If Millions Are Unemployed, Then Why Can’t Companies Find Workers?admin
You must have heard about the spiking unemployment rate ascribed to the worldwide pandemic: this is no news.
So what’s the labor shortage of 2021 all about? According to The Wall Street Journal, this spring has seen more job openings in the U.S. than before the pandemic hit in March 2020. Despite that, so many restaurants have found themselves in a prolonged state of crisis, and it’s getting increasingly difficult to find qualified personnel. That’s right, restaurants and similar businesses in the hospitality industry are not only struggling with rebuilding a solid customer base but also with (re)hiring workers as restrictions relax, and the global economy shows its very first signs of recovery.
Even corporate businesses are facing some struggles. As they strive to quickly bring back their workforce to the office, the so-called ‘return to work anxiety’ (reported worldwide and regardless of the business sector) settles in stronger among their employees.
Labor Shortage? How can that be?
The foodservice industry runs on plenty of demanding, on-the-field, high-effort labor, so it depends on occupations that have suffered significant shortages during the past year. For example, warehouse workers are essential to wholesale suppliers because someone needs to carry the food, pack it up, and load it in the food truck. Then you require experienced drivers for timely deliveries to restaurants and similar customers. Similarly, running a restaurant relies on heaps of work and people qualified to do that work: chefs, line cooks, kitchen assistants, waiters, dishwashers, as well as cleaning and delivery personnel.
Why is it so hard to find people for these roles? It seems like childcare, fear of infection, and unemployment benefits are some of the main catalysts behind the crisis. Smaller and medium owners in the foodservice industry face an odd predicament as people apply to their jobs only to ditch the actual interviews.
Amidst this ongoing crisis, the state of New Jersey has announced that the work search requirement has been temporarily suspended due to increased safety concerns. And they are not exactly wrong in their decision. In February 2021, the University of California conducted a study showing that risk ratios for mortality comparing pandemic time to non-pandemic time were highest among cooks – and many other high-risk foodservice professions are on the very same list.
On the other hand, businesses are also not wrong in believing that extensive unemployment benefits have worked against their chances of operating at higher capacities. However, this quandary stretches far beyond the reductive claim that “nobody wants to work anymore”. The painful truth is that nobody wants to work in a high-risk, high-effort environment and on a low wage.
What’s left to do?
To combat these issues, wholesale suppliers and restaurant chains have introduced additional benefits for potential workers: sign-in (and other extra) bonuses, higher salaries, and extra paid leave. Where does that leave smaller local businesses, which are barely pulling through as it?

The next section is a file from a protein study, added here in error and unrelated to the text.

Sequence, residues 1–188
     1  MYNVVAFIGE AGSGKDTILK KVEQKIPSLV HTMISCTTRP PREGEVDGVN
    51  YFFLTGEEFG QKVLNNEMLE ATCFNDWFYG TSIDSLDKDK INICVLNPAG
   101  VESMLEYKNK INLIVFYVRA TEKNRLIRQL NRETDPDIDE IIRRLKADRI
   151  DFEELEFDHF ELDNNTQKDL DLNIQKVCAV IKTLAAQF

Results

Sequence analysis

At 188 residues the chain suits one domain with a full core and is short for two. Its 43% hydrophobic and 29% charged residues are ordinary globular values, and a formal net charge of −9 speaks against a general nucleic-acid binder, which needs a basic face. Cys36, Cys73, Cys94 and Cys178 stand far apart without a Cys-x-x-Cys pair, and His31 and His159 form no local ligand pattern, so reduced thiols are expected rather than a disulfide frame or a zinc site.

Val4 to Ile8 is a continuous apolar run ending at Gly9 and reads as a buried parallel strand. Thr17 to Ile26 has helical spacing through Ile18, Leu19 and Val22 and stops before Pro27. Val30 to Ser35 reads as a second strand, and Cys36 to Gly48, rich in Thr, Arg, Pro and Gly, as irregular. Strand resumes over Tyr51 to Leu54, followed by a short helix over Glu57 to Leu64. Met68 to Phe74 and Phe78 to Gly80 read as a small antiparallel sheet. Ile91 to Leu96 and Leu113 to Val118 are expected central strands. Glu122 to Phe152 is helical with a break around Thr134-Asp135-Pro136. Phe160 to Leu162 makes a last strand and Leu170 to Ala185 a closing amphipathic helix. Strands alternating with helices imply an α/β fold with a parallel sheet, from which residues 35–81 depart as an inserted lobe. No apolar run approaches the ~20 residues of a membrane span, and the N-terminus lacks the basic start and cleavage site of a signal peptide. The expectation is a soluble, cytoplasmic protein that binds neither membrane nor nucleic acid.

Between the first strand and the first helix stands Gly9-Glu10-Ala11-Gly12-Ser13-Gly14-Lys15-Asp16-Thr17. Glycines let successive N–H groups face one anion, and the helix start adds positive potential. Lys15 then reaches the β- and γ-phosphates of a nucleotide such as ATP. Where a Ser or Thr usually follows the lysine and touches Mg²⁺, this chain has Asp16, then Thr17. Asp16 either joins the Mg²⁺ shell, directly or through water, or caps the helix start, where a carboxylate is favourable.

As of now, no precise and immediate answer can be given to the labor shortage, but there’s some hope being placed into the ongoing vaccine rollout, which can, at a minimum, address infection-related anxieties and encourage more people to take a step forward.
The Future is Robots?
In the long term, however, the aggravating labor shortage here in the U.S. must be addressed sustainably. Although the hospitality industry has been facing these difficulties for a long time. But Ben Friedman, CEO at Riviera, finds that the current situation goes way beyond anything the industry has seen for decades.
“We have been experiencing great difficulty filling drivers and warehouse worker positions, which were eliminated due to the pandemic. We can’t find anybody. Competitors are offering substantial sign-on bonuses for drivers. Amazon has a $1,000 sign-on bonus for their 75,000 warehouse job openings and is still experiencing problems. Is this where the robots come in to save the day? We have never seen anything like this in our 30 years of business.”
Nonetheless, there is still quite a long way until large-scale automation may take the place of human labor. Rather than replacing human jobs, we have seen that automation tends to transform the job rather than fully replace it – if and when we bring in the robots, this will only create a new type of demand for people that can run and maintain the machinery. However, even that seems more like a science-fiction scenario than a feasible reality to small restaurants, simple farms, and local producers.
It seems that a much more complex solution is needed: something that can simultaneously address both business and human needs. Amidst these times of (economic) uncertainty, aid and well-thought reform could keep the industry going, whilst making it all the more attractive to existing or future workers.